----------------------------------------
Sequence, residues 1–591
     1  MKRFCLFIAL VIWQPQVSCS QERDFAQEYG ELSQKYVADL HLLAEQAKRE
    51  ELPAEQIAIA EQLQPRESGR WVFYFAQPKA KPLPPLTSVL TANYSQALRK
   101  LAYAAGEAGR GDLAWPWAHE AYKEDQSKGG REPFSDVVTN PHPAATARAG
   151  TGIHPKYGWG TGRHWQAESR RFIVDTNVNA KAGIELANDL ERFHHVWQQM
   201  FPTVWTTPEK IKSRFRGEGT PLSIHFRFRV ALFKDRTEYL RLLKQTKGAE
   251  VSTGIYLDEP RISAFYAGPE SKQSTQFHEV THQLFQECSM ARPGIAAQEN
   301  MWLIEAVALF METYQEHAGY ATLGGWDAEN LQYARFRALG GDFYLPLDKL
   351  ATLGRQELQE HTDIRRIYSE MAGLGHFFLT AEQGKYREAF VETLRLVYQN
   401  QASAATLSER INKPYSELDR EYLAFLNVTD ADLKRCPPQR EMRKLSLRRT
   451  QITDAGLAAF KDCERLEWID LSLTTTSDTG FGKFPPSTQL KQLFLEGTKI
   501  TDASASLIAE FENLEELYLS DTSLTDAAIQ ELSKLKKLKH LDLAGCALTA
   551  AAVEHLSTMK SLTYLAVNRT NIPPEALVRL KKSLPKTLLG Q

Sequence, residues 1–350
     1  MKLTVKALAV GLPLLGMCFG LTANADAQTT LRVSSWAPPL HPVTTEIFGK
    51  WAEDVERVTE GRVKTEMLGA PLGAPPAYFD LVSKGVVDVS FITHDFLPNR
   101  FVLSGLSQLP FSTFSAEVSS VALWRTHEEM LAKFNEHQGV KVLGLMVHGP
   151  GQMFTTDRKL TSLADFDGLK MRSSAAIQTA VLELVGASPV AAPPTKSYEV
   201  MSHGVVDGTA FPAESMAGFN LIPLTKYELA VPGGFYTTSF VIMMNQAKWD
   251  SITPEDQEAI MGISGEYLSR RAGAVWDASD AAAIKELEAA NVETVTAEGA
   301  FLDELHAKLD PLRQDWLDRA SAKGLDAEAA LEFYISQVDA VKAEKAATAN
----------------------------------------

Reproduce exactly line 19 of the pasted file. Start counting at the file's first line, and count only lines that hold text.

   201  MSHGVVDGTA FPAESMAGFN LIPLTKYELA VPGGFYTTSF VIMMNQAKWD